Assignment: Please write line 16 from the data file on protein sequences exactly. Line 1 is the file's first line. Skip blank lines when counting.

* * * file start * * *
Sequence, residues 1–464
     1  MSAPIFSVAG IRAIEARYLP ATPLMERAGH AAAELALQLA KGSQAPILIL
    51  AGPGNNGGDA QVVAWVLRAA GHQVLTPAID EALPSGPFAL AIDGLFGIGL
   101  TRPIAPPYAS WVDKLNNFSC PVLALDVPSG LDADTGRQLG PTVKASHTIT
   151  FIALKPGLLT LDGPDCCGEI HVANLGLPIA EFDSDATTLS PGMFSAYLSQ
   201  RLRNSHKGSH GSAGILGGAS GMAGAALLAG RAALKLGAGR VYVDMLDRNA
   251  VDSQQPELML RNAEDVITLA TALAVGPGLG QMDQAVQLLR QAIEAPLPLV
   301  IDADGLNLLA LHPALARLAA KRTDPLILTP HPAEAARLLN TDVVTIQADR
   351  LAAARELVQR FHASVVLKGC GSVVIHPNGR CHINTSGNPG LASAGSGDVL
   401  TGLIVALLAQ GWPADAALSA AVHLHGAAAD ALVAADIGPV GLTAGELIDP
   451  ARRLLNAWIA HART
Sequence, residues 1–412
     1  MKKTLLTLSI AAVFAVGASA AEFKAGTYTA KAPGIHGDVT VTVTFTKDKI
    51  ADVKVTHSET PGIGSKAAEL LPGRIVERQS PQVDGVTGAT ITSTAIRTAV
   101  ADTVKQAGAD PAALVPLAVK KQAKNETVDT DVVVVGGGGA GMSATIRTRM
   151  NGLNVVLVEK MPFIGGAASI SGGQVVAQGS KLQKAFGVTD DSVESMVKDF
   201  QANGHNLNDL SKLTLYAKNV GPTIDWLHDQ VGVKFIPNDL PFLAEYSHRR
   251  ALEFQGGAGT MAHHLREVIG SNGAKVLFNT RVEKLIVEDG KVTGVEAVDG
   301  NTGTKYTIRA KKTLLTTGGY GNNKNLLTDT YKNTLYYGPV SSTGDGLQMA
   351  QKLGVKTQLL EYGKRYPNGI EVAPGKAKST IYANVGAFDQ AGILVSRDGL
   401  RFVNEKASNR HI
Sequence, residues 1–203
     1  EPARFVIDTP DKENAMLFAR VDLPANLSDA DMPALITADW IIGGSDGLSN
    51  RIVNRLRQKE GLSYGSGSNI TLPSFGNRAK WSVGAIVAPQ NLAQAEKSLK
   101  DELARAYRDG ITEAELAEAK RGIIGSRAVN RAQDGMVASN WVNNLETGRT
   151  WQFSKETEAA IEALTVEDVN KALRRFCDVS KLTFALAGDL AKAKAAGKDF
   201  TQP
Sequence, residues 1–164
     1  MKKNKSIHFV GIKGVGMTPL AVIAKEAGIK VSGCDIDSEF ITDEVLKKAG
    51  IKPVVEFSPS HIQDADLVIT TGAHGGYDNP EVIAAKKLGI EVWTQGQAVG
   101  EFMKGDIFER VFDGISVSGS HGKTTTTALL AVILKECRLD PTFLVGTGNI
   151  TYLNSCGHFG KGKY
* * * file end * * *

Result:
   151  NGLNVVLVEK MPFIGGAASI SGGQVVAQGS KLQKAFGVTD DSVESMVKDF